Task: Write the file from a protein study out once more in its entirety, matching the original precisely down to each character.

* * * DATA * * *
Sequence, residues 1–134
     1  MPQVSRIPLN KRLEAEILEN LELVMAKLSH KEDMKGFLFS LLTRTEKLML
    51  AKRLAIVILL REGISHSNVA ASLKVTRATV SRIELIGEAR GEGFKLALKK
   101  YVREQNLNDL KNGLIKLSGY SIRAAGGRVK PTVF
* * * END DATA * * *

Sequence, residues 1–134
     1  MPQVSRIPLN KRLEAEILEN LELVMAKLSH KEDMKGFLFS LLTRTEKLML
    51  AKRLAIVILL REGISHSNVA ASLKVTRATV SRIELIGEAR GEGFKLALKK
   101  YVREQNLNDL KNGLIKLSGY SIRAAGGRVK PTVF